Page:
The Psychological Record

, Volume 65, Issue 1, pp 115–129 | Cite as

Simultaneously Observing Concurrently-Available Schedules as a Means to Study the Near Miss Event in Simulated Slot Machine Gambling

  • Benjamin N. Witts
  • Patrick M. Ghezzi
  • Morgan Manson
Original Article


Traditionally, near-miss events in games of skill provide feedback to an individual regarding his or her performance. However, in games of chance, like slot machine gambling, the use fails to carry over. A near miss in slot machine gambling may still be endorsed when most of the symbols falling on a payline match, though technically this arrangement provides no real measure of skill or progress. To date, attempts to study the near miss in slot machine gambling have used resistance to extinction and preference assessment preparations, both of which unsuccessfully capture any putative reinforcement properties. The current investigation introduces a new methodology to assess putative conditioned reinforcement properties of stimuli correlated with the near miss in simulated slot machine gambling by incorporating the observing response with concurrently available schedules, termed simultaneous observing. Successful tests of the methodology regarding schedule-correlated stimuli in relation to win rates demonstrate its potential use, and failure to identify a near-miss event as producing reinforcing effects for schedule-correlated stimuli adds credibility to its ability to discriminate between functions.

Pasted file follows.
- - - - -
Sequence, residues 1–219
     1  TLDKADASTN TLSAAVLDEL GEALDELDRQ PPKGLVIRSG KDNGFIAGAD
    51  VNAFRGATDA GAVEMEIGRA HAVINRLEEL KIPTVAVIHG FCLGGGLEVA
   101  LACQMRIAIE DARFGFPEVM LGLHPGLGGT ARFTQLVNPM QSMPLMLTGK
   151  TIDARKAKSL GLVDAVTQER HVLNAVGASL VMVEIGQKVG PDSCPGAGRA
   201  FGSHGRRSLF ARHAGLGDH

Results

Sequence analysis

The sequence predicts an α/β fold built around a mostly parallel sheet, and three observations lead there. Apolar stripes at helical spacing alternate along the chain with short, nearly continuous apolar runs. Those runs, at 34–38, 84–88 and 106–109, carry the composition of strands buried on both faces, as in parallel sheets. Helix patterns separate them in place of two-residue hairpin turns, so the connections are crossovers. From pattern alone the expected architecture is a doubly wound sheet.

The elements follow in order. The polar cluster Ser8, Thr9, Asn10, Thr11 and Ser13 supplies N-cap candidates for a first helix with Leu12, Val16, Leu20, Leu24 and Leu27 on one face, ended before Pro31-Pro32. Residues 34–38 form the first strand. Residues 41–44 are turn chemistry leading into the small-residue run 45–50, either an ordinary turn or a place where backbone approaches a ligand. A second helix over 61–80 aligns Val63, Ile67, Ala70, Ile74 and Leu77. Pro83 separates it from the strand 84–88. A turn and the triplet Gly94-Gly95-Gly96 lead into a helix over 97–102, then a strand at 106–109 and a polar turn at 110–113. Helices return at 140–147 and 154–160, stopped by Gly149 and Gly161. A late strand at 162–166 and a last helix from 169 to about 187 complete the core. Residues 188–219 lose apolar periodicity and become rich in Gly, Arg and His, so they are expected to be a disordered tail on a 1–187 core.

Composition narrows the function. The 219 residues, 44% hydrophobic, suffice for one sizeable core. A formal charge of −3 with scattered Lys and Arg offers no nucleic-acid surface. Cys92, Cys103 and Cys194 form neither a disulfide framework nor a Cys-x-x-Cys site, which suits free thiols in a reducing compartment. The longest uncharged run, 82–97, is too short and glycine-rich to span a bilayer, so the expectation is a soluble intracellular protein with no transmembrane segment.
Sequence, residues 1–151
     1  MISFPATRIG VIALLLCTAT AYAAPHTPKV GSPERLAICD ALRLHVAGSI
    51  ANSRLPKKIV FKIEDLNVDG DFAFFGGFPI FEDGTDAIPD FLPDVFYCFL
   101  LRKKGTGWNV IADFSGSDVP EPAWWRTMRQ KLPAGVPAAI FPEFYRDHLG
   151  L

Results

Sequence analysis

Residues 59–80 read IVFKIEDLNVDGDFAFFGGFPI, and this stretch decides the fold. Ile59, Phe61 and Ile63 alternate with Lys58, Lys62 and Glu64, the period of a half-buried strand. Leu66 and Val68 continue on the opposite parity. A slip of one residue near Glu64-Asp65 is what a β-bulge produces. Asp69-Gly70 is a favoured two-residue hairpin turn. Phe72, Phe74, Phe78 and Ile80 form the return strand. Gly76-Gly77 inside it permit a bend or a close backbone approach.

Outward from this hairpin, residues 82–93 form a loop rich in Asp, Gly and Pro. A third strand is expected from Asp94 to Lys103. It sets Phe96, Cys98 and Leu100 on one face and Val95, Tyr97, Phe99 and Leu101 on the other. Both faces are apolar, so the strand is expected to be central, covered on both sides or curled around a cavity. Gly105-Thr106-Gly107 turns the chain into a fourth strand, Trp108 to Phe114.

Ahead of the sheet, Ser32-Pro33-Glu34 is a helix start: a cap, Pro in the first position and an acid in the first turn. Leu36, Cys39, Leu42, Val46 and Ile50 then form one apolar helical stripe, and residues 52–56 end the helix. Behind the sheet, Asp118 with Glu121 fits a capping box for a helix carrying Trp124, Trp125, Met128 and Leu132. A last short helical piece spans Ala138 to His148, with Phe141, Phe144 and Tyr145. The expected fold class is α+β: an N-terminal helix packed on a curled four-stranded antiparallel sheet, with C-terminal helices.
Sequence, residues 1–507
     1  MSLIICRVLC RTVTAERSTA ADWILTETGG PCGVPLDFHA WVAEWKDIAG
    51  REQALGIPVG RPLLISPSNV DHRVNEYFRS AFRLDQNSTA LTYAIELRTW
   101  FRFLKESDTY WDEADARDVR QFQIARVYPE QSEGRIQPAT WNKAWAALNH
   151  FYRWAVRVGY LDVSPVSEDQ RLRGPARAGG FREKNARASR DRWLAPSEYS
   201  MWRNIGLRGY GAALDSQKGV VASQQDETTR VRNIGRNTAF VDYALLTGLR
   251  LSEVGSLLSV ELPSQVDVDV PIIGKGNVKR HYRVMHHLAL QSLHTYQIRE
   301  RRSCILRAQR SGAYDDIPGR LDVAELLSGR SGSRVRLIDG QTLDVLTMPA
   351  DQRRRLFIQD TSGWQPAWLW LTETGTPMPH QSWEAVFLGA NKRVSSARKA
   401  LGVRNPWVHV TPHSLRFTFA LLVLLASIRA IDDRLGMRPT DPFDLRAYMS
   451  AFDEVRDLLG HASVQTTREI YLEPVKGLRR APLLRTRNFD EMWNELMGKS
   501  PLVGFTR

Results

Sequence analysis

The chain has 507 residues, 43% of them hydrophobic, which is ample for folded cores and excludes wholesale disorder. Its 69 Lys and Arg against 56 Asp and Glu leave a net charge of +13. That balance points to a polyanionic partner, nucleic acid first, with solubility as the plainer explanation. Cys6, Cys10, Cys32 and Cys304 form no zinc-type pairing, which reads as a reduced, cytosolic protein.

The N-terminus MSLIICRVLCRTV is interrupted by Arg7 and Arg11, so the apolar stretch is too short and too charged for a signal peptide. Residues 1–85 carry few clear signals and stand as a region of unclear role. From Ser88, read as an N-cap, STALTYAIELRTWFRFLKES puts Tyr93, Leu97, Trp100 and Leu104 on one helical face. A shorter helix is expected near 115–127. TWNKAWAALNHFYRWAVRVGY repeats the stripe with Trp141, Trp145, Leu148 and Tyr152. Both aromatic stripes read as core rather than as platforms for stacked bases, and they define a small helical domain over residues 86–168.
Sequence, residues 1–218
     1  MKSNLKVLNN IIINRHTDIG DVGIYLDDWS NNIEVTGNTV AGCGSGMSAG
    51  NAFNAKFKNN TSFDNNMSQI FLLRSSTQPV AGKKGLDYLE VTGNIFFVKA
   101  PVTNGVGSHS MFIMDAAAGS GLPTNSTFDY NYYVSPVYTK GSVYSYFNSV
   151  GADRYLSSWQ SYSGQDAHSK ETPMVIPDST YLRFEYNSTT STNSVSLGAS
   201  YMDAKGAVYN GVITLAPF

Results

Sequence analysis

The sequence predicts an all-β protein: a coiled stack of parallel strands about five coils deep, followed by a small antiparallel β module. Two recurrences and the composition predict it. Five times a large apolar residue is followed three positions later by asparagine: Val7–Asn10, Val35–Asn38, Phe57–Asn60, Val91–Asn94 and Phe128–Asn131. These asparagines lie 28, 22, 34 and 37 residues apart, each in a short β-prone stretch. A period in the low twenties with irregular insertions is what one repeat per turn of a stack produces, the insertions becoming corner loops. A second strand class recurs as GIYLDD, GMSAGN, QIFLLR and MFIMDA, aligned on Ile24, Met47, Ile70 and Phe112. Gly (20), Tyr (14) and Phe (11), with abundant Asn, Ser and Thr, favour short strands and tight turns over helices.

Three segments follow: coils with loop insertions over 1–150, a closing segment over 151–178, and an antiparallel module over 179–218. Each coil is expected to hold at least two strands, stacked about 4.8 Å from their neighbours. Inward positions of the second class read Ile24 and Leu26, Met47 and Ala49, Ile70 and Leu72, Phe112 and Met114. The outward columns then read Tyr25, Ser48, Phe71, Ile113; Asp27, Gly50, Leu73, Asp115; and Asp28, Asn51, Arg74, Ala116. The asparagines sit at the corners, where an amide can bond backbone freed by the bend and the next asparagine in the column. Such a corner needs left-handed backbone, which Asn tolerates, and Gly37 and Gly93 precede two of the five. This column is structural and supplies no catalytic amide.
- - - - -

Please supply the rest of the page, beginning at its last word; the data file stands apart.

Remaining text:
Gambling Conditioned reinforcement Observing response Humans 



The authors would like to thank Cleborne Maddux for his invaluable assistance with the statistical tests. We are indebted to the comments offered by the reviewers, and particularly to Reviewer 2’s interesting interpretation. This manuscript was completed as a doctoral dissertation by the first author


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Copyright information

© Association for Behavior Analysis International 2014

Authors and Affiliations

  • Benjamin N. Witts
    • 1
    • 2
  • Patrick M. Ghezzi
    • 1
  • Morgan Manson
    • 1
  1. 1.Department of PsychologyUniversity of Nevada, RenoRenoUSA
  2. 2.Department of Community Psychology, Counseling, and Family TherapySt. Cloud State UniversitySt. CloudUSA

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